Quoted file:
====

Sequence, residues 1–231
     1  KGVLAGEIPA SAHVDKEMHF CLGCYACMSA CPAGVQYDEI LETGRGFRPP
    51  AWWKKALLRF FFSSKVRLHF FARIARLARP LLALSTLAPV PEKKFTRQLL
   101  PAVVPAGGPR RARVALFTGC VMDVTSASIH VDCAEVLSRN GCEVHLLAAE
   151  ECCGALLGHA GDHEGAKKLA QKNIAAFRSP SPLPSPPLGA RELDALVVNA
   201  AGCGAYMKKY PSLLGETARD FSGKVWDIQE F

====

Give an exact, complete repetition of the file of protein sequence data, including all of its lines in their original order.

Sequence, residues 1–231
     1  KGVLAGEIPA SAHVDKEMHF CLGCYACMSA CPAGVQYDEI LETGRGFRPP
    51  AWWKKALLRF FFSSKVRLHF FARIARLARP LLALSTLAPV PEKKFTRQLL
   101  PAVVPAGGPR RARVALFTGC VMDVTSASIH VDCAEVLSRN GCEVHLLAAE
   151  ECCGALLGHA GDHEGAKKLA QKNIAAFRSP SPLPSPPLGA RELDALVVNA
   201  AGCGAYMKKY PSLLGETARD FSGKVWDIQE F